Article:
On ’68 Chic: A Cat Without a Grin?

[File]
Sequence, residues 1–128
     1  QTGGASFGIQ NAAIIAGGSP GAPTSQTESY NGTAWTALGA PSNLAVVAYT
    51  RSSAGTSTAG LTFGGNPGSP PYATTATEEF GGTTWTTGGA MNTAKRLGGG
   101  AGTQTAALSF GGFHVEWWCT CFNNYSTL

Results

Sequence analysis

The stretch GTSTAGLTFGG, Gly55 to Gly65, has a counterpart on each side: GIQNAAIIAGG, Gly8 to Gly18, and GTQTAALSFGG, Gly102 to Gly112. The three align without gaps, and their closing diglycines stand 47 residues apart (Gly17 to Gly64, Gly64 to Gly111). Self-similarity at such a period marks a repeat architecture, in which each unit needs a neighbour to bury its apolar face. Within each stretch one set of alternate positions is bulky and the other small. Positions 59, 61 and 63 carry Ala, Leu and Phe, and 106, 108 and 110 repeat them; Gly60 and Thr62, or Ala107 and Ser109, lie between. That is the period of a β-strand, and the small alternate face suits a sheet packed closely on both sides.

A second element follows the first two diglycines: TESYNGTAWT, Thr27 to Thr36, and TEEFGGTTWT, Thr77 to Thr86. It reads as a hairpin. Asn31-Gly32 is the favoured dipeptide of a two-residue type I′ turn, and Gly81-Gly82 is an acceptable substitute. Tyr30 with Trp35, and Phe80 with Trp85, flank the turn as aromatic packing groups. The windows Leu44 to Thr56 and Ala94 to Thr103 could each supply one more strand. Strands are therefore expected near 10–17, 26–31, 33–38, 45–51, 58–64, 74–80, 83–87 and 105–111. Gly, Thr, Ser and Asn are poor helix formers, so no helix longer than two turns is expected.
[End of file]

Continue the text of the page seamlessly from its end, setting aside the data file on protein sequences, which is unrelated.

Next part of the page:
“The past is a foreign country: they do things differently there.” So begins L.P.Hartley’s novel The Go-Between, memorably filmed in 1971 by Joseph Losey from a screenplay by Harold Pinter, who being no fool, kept that immemorial opening line. It sprang immediately to mind while watching Olivier Assayas’ latest film, Something in the Air (Apres Mai). It’s not that his recollection of events that took place in France in the early seventies is untrustworthy. Rather one can sense from the start a ruefulness in this backward glance. He’s not “sadder but wiser,” as he’s not sad at all now. But it’s not completely clear if he’s wiser, either.“The film opens on the February 9, 1971 demonstration that would have a strong influence on the years to come,” Assayas declares in press notes for the film. What we see on screen are helmet-wearing students wielding iron bars, facing off against far better-armed police who shut down the demonstration before it really starts.One can’t help but be reminded of May, 1968, and the demonstrations that shut down France, and nearly led to quasi-revolutionary revolt when striking workers (the lower classes) were joined by students (the middle and upper) taking on the De Gaulle regime. The status quo was restored, but the revolutionary dream remained. For May ’68 didn’t just take place in France. There were demonstrations in Italy and other countries and in the U.S. New York’s Columbia University was shut down in a demonstration said to have been inspired by La Chinoise, as Jean-Luc Godard’s 1967 film about French Maoists had just been released there.In some ways it’s hard to separate cinematic “fantasy” from political “reality” when recalling that halcyon era. Lindsay Anderson’s If. . .(1968) had no intention to make a contemporary comment, in that it unfolded in a timeless semi-surreal mise en abyme. Likewise Gillo Pontecorvo’s The Battle of Algiers (1966) was about a particular place and time yet “spoke” to those unaffected by the events it recreated. Chris Marker’s documentary compilation essay film A Grin Without A Cat (Le Fond de l’air est rouge) (1977) covered the political waterfront, copiously noting the rise of leftist terrorism that had come in the wake of May. But the films that best capture post-May malaise remain Jacques Rivette’s Out 1 (which can be seen in its entirety here via Dennis Cooper) and Jean Eustache’s The Mother and the Whore (1973) speak to the sense of very personal disillusion that became May ’68’s greatest hangover.In 2006 Bernardo Bertolucci’s The Dreamers attempted May ’68 zeitgeist through a story of an American (Michael Pitt) having a ménage a trois with some French enfants terribles (Louis Garrel and Eva Green) spending more time on the personal than the political. Yes “the personal is political” became the watch-cry of post-May. But it’s hard to know where one ends and the other begins as Philippe Garrel shows in Regular Lovers, which also starred Louis. Garrel pere was actually dans la rue in May ’68 (unlike Bertolucci or Godard); he had specific memories to draw from. But not content with mere “docudrama” reproduction, his demos feature ghosts from the French revolution in full period garb fighting the police and tossing Molotov cocktails.More tellingly, Garrel shows that many of the demonstrators weren’t as politically astute as one might imagine. They retreat in short order to a house just outside of Paris to canoodle, flirt and dance.At the film’s close we are informed—not shown—of the passing of the film’s anti-hero. Clearly Garrel is indicating his younger self has “died” figuratively, rather than literally. In Something in the Air, Assayas doesn’t go nearly so far as that. A beautifully staged scene recreating a protest at a factory where the anti-hero and his friends put up posters and spray graffiti clearly indicates political commitment. But what one carries away with one at the close is the intense longing on the face of his anti-hero (beautifully played by Clement Metayer) when he realizes the women on whom he has expended so much affection can’t quite reciprocate.Perhaps instead of “l’imagination au pouvoir,” the real May ’68 et après slogan is “cherchez la femme.”

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